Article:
No, don't get this topic off your brain! Keep making excellent suggestions!

Yeardley Smith has only done Lisa Simpson, her voice is just too distinctive. When she was on Herman's head all I could do was think, "Why is that woman channeling the voice of Lisa Simpson?" But her Lisa is perfect and is the voice on The Simpsons that least relies on gimmicks. "When I get married I'm keeping my OWN name! Uh, shouldn't that be IF I get married."

Speaking of cereal (see below), Thurl Ravenscroft did Tony the Tiger. He also sang "You're a Mean One, Mr. Grinch."

Daws Butler did Hanna-Barbara's Yogi Bear, Huckleberry Hound, Quick-Draw McGraw, Snagglepuss, Jinks the cat, Dixie the mouse, Augie Doggie, Peter Potamus, Wally Gator, Hokey Wolf, Super Snooper, Blabber Mouse, Cogswell Cogs, Elroy Jetson and many others. He also provided the voice of Cap'n Crunch.

Well, I have to give it to him just for Cap'n Crunch alone, then! :-)

Yes, I know I'll get some flak for Sterling Halloway :-)

I saw Billy West at Dragon*Con 2004. He was very funny in person, self-effacing, charming, and his natural voice didn't sound at all like any of his characters. I think he's a genius.

Really? I heard his voice on the Futurama DVD commentaries, and I thought it sounded just like Fry. Was he altering his voice for some reason, or have you not seen Futurama?

But anwyay, I'm jealous. Billy West is one of the funniest voice actors of all-time.

I've seen Futurama, but the voice I heard in person was pitched lower and sounded more relaxed. He was part of a panel discussing Cartoon Network's Adult Swim.

More relaxed? Maybe that's because Fry is constantly encountering / fighting / fleeing grotesque monsters in the show. Which often leads to screaming at a high pitch. :-)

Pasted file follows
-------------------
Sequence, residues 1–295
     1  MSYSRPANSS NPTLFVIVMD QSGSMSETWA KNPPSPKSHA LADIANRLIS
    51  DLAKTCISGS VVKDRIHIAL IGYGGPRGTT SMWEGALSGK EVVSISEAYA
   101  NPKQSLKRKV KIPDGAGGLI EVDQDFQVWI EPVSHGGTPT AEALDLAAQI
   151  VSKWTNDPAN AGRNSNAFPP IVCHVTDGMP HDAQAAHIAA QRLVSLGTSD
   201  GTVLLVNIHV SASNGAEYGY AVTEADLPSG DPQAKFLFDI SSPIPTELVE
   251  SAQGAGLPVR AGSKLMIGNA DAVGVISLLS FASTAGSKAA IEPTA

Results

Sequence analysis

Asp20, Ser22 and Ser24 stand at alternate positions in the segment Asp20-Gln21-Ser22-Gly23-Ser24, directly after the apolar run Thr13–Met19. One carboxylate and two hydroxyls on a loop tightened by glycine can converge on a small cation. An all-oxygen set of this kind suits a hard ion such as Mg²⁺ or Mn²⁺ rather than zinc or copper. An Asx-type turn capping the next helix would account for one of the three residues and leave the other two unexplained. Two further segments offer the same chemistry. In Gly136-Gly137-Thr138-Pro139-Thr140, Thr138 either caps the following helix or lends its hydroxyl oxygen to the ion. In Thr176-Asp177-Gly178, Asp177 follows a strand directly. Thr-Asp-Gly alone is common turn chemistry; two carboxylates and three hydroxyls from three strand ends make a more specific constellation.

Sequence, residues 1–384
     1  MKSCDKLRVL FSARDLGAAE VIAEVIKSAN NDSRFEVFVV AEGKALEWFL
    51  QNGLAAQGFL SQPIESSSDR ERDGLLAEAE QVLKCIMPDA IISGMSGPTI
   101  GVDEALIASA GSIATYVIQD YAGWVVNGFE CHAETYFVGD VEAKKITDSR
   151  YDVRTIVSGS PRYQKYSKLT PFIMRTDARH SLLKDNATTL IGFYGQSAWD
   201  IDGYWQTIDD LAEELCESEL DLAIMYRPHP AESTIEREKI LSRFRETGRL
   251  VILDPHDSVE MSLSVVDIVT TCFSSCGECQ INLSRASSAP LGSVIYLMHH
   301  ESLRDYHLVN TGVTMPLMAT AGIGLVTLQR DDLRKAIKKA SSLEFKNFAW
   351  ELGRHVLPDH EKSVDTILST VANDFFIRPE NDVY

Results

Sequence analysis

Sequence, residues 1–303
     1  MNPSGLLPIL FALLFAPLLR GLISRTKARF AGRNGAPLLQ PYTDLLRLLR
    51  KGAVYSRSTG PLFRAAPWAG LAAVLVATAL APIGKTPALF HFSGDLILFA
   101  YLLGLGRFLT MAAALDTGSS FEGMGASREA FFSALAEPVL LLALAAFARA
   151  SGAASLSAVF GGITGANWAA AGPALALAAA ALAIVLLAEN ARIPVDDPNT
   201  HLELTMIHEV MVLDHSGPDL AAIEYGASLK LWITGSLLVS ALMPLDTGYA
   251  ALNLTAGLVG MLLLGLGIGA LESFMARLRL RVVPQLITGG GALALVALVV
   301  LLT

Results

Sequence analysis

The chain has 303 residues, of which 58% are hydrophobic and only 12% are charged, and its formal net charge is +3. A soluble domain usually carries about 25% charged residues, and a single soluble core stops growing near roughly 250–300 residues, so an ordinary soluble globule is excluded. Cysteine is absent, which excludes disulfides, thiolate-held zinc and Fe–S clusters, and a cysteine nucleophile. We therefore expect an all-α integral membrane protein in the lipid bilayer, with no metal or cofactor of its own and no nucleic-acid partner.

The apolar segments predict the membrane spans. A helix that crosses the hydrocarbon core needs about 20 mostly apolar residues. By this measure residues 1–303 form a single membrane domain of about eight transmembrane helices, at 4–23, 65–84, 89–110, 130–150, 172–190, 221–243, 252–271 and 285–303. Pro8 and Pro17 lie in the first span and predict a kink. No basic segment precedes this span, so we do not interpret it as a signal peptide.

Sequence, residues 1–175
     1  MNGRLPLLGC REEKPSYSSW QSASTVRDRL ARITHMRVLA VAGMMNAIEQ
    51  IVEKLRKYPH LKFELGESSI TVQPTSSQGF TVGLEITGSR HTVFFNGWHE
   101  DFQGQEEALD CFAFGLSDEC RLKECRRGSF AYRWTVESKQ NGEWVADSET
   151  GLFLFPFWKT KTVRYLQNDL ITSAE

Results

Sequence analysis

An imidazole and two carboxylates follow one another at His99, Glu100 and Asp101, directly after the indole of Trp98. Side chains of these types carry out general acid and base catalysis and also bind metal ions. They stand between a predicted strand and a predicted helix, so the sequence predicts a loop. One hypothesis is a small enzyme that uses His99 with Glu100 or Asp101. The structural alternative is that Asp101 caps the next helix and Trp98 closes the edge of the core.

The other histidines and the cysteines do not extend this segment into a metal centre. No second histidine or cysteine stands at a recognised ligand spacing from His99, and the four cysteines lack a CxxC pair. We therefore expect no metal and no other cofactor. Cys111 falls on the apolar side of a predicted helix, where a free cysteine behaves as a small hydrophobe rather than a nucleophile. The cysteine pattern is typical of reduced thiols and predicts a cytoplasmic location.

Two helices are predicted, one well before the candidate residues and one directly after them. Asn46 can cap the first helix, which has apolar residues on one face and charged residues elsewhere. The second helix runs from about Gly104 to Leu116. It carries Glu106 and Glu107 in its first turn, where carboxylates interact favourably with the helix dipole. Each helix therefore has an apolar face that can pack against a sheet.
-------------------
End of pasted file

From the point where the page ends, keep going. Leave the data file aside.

Or maybe it was his "personal appearance" voice.

A friend hooked me up with a feed of Ken Burns' latest documentary Unforgivable Blackness and it is wonderful in any number of ways. The visual style is (as always) masterful, stunning, elegiac. What with all of the publicity and promotion that froth about and shroud Ken Burns it is so easy to forget why the tide runs so strong through his works. I closed my eyes as the piece began. I'd like to think that I did it because I was trying to listen to the soundtrack but people tell me it was because I was tired. What brought me out of my contemplative state was the first voice that I heard. It was the fiery garden gnome from Wynton Marsalis' lawn, Stanley Crouch.

Stanley Crouch's combative vocal and verbal style is distinctive even without seeing the pocket handkerchief hand movements that accompany his words. My eyes stayed closed as I had an epiphany: Ken Burns and his repertory of narrative actors have completely transformed the art of voice-overs. Matching actor's voices to long dead (or silent) personages is now an art form and Burns has assembled a clique of performers who act like a great jazz orchestra. I can still hear George Plimpton delivering the diary words of George Templeton Strong in The Civil War and Plimpton reappears as himself in Unforgivable Blackness .

Ken Burns must edit (if in fact he does edit) with his eyes closed because Unforgivable Blackness would work as a radio documentary. (This actually hurts the piece when silent films of boxing matches are "punched up" with the sounds of fists and the crowds.) Keith David, of course, is the narrator while Samuel L. Jackson devotes his talent and the emotional resonance of his voice to the role of Jack Johnson. The other two voices to round out the opening quartet are Stanley Crouch and James Earl Jones. They are followed by the inimitable boxing writer/raconteur Bert Sugar, historian Gerald Early and Puerto Rican Light Heavyweight Champion Jose Torres with Eli Wallach, Joe Morton, Billy Bob Thornton and Alan Rickman playing different characters. That's one fine starting eleven with Adam Arkin, Ed Harris, Derek Jacobi, Amy Madigan, Courtney B. Vance and the true undefeated heavyweight champion, Studs Terkel, still to come. (I haven't seen the second half/night yet.)

Unforgivable Blackness is a delight to hear. I hope to see it someday soon.

Man, I discovered your post totally by luck. I almost never look at my long list of archived content, but I noticed one of them had a new post, so I checked and found your post here. I'll add this one to my 'to see' list, it looks pretty cool. Thanks!